By: Ran Sun, Sr. Product Manager, Jia Wang, Sr. Machine Learning Engineer, Gowtham Suresh, Sr. Applied Scientist
You might think of Uber Freight’s digital brokerage business as an online dating platform. Just as online dating seeks to match individuals, the brokerage aims to pair shippers’ loads with carriers willing to take them. Specifically, shippers turn to us to reach a carrier base broader than what they have access to. Not only does this maximize their potential to achieve the best possible cost and service outcomes, but also both parties can rely on our expertise and technology in managing the downstream load lifecycle.
To find that one true love load, we could ask the carrier to specify their preferences via search – are you a homebody so you need a recurring route that gets you home, or do you have a wanderlust streak and are willing to drive any route? But people can’t always articulate what they want, nor how much those wants matter.
This nuance was the impetus for launching a recommendations system at Uber Freight. We had been putting the burden on carriers to tell us what they want through search, but searching is tedious, carriers have multiple search intents, and they do not always make their preferences explicit. By enabling an automated discovery process, we can service loads more efficiently and cost-effectively. This builds trust with shippers and increases the amount of freight they tender to our platform—which benefits carriers, giving them more options to find that perfect load. More load volume draws more carriers to the platform, which increases shippers’ ability to efficiently and cost-effectively tender their freight. In sum, a recommendations system is one way to enable the brokerage flywheel, lending a helping hand to shippers and carriers by playing matchmaker.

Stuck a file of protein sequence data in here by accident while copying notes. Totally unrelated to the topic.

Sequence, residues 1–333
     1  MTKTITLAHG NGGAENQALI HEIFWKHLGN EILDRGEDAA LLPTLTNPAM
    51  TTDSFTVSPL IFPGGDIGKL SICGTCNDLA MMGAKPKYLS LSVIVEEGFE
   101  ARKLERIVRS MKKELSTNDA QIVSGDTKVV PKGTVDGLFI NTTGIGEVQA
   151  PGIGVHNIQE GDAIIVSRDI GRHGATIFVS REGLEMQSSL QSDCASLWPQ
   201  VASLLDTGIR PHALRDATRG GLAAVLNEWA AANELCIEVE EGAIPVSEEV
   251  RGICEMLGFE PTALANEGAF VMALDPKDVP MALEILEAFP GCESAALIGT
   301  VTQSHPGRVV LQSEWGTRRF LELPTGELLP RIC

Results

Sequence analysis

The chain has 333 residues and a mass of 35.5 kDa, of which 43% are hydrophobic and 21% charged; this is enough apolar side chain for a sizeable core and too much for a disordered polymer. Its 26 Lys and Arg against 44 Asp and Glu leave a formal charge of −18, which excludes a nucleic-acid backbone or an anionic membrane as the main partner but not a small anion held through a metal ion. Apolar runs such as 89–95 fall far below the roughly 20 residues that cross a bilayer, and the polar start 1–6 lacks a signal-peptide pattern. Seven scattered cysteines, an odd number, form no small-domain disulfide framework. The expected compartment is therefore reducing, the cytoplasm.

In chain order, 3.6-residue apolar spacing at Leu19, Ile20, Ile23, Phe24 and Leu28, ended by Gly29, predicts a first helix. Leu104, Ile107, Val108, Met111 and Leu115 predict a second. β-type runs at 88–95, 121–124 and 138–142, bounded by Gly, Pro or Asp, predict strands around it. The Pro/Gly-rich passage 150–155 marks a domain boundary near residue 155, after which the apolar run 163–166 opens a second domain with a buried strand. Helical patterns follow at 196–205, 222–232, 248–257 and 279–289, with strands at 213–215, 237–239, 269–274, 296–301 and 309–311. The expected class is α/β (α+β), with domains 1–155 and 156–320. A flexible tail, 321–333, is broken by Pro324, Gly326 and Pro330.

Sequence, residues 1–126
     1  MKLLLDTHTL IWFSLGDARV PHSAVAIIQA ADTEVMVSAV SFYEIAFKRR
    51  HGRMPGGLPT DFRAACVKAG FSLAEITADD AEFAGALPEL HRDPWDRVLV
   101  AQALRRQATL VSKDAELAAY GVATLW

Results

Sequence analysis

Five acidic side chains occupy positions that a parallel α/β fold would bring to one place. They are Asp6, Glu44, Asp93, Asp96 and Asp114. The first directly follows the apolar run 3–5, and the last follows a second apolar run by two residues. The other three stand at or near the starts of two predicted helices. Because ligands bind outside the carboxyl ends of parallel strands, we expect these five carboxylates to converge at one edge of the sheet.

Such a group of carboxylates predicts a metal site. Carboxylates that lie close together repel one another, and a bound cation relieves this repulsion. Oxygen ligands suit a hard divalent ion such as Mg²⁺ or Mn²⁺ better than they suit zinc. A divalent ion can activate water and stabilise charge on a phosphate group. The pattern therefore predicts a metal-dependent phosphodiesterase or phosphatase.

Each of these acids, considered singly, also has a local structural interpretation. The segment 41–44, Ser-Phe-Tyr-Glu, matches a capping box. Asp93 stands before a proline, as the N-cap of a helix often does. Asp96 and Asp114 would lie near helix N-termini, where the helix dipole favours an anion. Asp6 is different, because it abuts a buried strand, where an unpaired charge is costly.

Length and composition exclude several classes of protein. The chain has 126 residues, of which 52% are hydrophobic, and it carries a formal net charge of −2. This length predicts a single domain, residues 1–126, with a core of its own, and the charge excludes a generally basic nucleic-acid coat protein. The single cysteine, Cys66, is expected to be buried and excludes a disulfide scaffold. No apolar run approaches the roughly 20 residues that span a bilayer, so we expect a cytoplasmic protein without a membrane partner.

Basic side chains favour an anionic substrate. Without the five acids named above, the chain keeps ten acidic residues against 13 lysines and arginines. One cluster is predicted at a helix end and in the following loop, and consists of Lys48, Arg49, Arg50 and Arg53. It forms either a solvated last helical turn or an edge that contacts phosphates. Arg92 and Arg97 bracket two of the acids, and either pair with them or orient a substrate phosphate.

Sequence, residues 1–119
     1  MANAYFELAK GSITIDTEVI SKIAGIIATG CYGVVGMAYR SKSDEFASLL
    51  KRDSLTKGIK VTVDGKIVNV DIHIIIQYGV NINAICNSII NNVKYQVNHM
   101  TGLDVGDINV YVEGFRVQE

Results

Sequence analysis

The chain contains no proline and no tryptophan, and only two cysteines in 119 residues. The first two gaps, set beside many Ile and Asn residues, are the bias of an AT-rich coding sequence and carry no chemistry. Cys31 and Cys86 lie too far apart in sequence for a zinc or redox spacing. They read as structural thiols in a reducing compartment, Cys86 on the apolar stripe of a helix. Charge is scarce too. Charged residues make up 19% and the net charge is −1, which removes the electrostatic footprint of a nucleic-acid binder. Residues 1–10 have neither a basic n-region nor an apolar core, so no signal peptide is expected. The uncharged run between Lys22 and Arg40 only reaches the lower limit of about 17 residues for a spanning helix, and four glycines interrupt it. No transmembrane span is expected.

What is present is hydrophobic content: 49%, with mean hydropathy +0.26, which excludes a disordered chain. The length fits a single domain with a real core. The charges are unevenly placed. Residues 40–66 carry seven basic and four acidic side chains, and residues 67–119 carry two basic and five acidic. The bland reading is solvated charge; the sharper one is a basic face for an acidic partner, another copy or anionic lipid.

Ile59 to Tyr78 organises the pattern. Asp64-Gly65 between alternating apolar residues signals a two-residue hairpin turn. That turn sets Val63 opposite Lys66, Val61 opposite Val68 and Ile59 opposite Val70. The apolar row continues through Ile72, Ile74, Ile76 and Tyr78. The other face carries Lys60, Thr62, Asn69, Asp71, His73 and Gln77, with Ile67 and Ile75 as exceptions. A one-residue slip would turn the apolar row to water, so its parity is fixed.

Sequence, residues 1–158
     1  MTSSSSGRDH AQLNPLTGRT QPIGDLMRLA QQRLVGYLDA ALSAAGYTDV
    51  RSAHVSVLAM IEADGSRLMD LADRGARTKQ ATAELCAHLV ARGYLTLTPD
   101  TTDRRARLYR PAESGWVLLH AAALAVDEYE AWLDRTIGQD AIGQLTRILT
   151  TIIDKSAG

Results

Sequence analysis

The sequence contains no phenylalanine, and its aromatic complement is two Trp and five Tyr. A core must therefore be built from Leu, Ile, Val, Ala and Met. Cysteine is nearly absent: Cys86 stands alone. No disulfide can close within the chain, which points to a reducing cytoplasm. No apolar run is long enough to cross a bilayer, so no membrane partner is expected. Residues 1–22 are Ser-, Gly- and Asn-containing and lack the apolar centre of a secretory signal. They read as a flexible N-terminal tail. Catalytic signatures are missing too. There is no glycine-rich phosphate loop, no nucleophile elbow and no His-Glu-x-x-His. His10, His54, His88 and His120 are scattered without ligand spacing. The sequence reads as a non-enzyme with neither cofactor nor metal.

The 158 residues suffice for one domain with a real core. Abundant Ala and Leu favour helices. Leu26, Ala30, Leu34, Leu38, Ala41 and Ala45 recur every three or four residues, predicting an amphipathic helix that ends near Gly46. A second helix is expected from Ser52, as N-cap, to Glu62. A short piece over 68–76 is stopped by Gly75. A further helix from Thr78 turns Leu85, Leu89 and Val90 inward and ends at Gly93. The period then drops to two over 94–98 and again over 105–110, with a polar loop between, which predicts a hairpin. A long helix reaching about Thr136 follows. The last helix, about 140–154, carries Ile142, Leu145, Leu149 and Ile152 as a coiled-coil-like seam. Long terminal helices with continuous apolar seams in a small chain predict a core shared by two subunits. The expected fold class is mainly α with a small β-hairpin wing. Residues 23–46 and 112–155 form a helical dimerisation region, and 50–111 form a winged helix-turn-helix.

The brokerage flywheel. Recommendations are a component of an automated, instant network and facilitate better carrier utilization.
Before we delve into our solution, let’s take a moment to define load matching further. In a perfectly optimized network, we’d be able to match the exact right load to the exact right carrier across the nation. However, carrier capabilities and preferences complicate load matching, as do the requirements of the load, such as cargo type, distance to be traveled, and delivery deadline. Our recommendations system judges how strong of a fit may exist between a carrier and a load in order to serve up the best combinations.
Load matching and DFM are closely related concepts. Load matching is the broader term; it refers to the process of connecting shippers with carriers to efficiently utilize transportation capacity. Load matching can be done digitally or non-digitally (e.g. through phone calls or personal relationships). DFM refers specifically to load matching via digital methods. It enables real-time visibility into network needs and carrier capacity, reducing the need for manual intervention.
We hypothesized that by replacing the default search page with a page of recommendations, we could move carriers away from a “spearfishing” search model and towards a discovery experience in which they found loads they didn’t even think to look for. Both the design of the user experience and the algorithm itself were critical to the success of this product. In this post, we’ll deep dive into the algorithm.
Our recommendations system prioritizes conversion and engagement, similar to those deployed in the e-commerce industry. There are two components: candidate generation and ranker/booster.